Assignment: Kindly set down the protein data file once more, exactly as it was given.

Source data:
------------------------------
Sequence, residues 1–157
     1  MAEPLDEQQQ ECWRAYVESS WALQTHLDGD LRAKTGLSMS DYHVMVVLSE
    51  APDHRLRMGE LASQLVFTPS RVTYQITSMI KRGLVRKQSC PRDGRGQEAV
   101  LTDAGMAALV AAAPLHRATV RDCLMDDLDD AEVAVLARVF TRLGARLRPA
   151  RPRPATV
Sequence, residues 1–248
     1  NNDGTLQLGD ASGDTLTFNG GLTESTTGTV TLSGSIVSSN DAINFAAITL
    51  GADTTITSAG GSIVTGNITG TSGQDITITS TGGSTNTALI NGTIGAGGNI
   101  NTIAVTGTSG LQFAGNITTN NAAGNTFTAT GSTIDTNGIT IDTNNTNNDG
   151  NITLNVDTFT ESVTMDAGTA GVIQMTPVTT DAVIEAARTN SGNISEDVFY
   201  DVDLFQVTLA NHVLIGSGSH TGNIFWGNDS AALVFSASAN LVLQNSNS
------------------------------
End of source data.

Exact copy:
Sequence, residues 1–157
     1  MAEPLDEQQQ ECWRAYVESS WALQTHLDGD LRAKTGLSMS DYHVMVVLSE
    51  APDHRLRMGE LASQLVFTPS RVTYQITSMI KRGLVRKQSC PRDGRGQEAV
   101  LTDAGMAALV AAAPLHRATV RDCLMDDLDD AEVAVLARVF TRLGARLRPA
   151  RPRPATV
Sequence, residues 1–248
     1  NNDGTLQLGD ASGDTLTFNG GLTESTTGTV TLSGSIVSSN DAINFAAITL
    51  GADTTITSAG GSIVTGNITG TSGQDITITS TGGSTNTALI NGTIGAGGNI
   101  NTIAVTGTSG LQFAGNITTN NAAGNTFTAT GSTIDTNGIT IDTNNTNNDG
   151  NITLNVDTFT ESVTMDAGTA GVIQMTPVTT DAVIEAARTN SGNISEDVFY
   201  DVDLFQVTLA NHVLIGSGSH TGNIFWGNDS AALVFSASAN LVLQNSNS